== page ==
Joachim Loew’s young German side, who managed a third-place finish at the 2010 World Cup in South Africa, will be looking to pick up where they left off against Belgium for Germany’s first round of European Championship qualifying matches. The tournament will be held in Poland and Ukraine in 2012, but before Joachim Loew’s side can set their sights on the trophy, they will need to top a very competitive qualification group where they will be pit against the likes of Turkey, Austria, Belgium, Kazakhstan and Azerbaijan. Germany’s qualification campaign starts against a Belgian side who are full of young talent of their own, and will probably be Germany’s main threat for qualification.
Loew’s side will know that their opponents are well equipped and are very capable of beating any opponent on their day. Despite having a relatively low profile on the European and World football scenes, Belgium are a side that continues to improve thanks to the impressive youth setup the domestic league has adopted. Experienced manager Georges Leekens will likely field a lineup capable of attacking Germany while remaining solid in defense. Here’s a possible starting XI:
Bailly – Gillet, Vermaelen, Kompany, Deschacht – Fellaini, Defour, Witsel – Hazard, Lukaku, Dembele
Borussia Monchengladbach goalkeeper Logan Bailly certainly would be a top choice for any national side, and while many would expect him to be severely tested against Germany, the four defenders in front of him are nothing shabby either. Anderlecht duo Gillet and Deschacht may be Belgium’s weak-spot, but they will more than likely tuck back and seldom push forward to support attacks. With Thomas Mueller and Lukas Podolski running at them, they’d be wiser to hold their position than burst forward. At the heart of Belgium’s defense is Arsenal’s Thomas Vermaelen, dubbed ‘The Verminator’ for his no-nonsense approach, and Manchester City’s Vincent Kompany, whose positional sense and awareness will be key for Belgium.
In midfield, Belgium have players capable of controlling possession and passing opposition sides to death. Everton’s Marouane Fellaini, who will be Belgium’s destroyer in midfield, will sit behind Standard Liege duo Steve Defour, who will play the ‘Xavi’ role for Belgium, and Axel Witsel, who will look to dribble through the center of the pitch and supplement attacks. Defour’s passing range is vast, and his creativity from deeper positions will be a real threat that Germany will need to be very aware of. Witsel, on the other hand, is a much more attack-minded player. He will look to use his movement and his quick passing moves to link up with Belgium’s front three and carve Germany’s back-line open with quick one-two’s around the 18-yard box.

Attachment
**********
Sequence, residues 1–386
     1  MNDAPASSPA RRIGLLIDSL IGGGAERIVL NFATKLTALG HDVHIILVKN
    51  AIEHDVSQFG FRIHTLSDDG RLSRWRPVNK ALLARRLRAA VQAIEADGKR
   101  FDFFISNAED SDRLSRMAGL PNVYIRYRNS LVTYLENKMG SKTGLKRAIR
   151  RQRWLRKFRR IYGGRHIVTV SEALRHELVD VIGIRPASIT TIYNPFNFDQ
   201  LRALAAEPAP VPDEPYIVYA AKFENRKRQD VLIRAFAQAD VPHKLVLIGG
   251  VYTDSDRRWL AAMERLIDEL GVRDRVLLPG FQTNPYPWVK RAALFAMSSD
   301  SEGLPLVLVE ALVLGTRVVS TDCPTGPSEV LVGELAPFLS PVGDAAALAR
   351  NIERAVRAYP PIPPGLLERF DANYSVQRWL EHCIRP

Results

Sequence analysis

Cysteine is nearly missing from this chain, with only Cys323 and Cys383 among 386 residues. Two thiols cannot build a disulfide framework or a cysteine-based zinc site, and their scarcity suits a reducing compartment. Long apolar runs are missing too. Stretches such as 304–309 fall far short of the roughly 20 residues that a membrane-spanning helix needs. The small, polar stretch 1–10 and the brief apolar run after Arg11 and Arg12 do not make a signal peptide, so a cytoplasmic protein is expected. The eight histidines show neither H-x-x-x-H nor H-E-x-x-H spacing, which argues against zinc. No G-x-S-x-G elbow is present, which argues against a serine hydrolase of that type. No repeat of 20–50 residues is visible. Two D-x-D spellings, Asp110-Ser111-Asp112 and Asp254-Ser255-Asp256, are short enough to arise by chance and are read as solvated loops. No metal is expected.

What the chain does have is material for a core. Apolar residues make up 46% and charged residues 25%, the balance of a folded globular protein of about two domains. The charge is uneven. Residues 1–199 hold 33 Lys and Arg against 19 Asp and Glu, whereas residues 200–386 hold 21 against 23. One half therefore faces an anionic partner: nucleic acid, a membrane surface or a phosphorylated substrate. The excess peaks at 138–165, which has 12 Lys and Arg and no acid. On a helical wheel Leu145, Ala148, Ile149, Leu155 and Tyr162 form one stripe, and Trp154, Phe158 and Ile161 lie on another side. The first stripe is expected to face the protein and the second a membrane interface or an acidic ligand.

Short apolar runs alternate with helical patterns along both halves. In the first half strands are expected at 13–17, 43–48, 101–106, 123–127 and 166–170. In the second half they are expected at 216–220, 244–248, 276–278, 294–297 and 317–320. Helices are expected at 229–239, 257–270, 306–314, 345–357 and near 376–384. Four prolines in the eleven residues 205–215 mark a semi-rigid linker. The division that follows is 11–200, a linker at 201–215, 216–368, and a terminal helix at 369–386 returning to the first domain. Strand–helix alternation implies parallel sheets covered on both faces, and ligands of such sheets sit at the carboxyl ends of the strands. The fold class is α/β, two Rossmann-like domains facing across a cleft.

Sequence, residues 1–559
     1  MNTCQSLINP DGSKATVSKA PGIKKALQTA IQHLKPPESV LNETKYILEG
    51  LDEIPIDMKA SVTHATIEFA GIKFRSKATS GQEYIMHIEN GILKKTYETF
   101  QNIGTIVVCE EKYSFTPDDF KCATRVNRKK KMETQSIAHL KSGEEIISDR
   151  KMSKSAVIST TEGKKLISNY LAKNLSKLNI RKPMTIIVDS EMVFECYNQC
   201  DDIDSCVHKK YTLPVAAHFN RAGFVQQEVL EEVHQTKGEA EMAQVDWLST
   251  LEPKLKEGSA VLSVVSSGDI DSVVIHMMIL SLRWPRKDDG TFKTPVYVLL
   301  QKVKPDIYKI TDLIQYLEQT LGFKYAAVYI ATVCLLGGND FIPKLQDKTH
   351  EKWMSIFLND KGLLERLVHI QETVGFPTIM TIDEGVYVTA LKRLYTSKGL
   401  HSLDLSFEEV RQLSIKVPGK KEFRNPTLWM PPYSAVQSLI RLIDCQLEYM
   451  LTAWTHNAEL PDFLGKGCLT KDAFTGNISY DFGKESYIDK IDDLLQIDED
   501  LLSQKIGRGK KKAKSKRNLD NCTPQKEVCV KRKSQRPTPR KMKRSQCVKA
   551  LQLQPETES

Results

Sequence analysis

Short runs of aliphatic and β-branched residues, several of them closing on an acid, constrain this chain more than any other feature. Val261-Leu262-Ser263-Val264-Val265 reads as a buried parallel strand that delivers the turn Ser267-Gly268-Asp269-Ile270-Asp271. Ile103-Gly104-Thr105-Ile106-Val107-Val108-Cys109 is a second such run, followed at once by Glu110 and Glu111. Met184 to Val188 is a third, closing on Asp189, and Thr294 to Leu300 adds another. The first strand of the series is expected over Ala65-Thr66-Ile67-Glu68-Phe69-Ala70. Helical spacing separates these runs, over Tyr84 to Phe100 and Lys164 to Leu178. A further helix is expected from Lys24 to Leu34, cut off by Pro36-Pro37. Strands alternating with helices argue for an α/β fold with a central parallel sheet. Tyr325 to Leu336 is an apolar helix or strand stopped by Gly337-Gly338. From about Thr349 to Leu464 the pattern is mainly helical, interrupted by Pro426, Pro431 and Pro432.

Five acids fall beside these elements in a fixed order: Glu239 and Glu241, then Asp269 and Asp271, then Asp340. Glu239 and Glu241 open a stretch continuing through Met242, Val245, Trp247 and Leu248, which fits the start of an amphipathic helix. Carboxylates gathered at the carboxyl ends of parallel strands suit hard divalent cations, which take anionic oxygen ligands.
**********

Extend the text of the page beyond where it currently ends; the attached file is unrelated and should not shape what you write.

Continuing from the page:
Up top, Belgium are inexperienced but hugely talented. The average age of Belgium’s attacking players is only 19 and a half, but their quality cannot be denied. Outside-left is Lille wonderkid Eden Hazard, who has been likened to both Cristiano Ronaldo and Lionel Messi because of his excellent dribbling skills and flair. I personally think he is a player very much in the mould of Franck Ribery, who can cut an opposition defender to ribbons before cutting inside and either picking a pass or trying a shot from the edge of the box. Certainly an immense weapon in Belgium’s arsenal. Wide-right is Fulham’s newest addition, Moussa Dembele. Dembele made his name with AZ Alkmaar in the Eredivisie where he helped his side to the title in the 2008-2009 season after narrowly missing out under manager Louis van Gaal in the 2006-2007 term. Dembele has already netted for Fulham despite playing only three games for the English side, and has also been their best creative threat since joining in the summer. Through the middle is Belgium’s youngest but arguably most promising player in the form of the towering Romelu Lukaku.
Lukaku has just recently broken into Anderlecht’s first-team, but has been extremely impressive despite his very young age. Lukaku’s physical presence is what makes him a real threat in the box, where he will look to get very tangled up with Germany’s center-halves. Think Didier Drogba, but a lot taller.
The match will certainly not be easy for Loew’s side, but if they can snag three points against Belgium – who will probably be their hardest competitors in their qualification group – then they will likely cruise to qualification.
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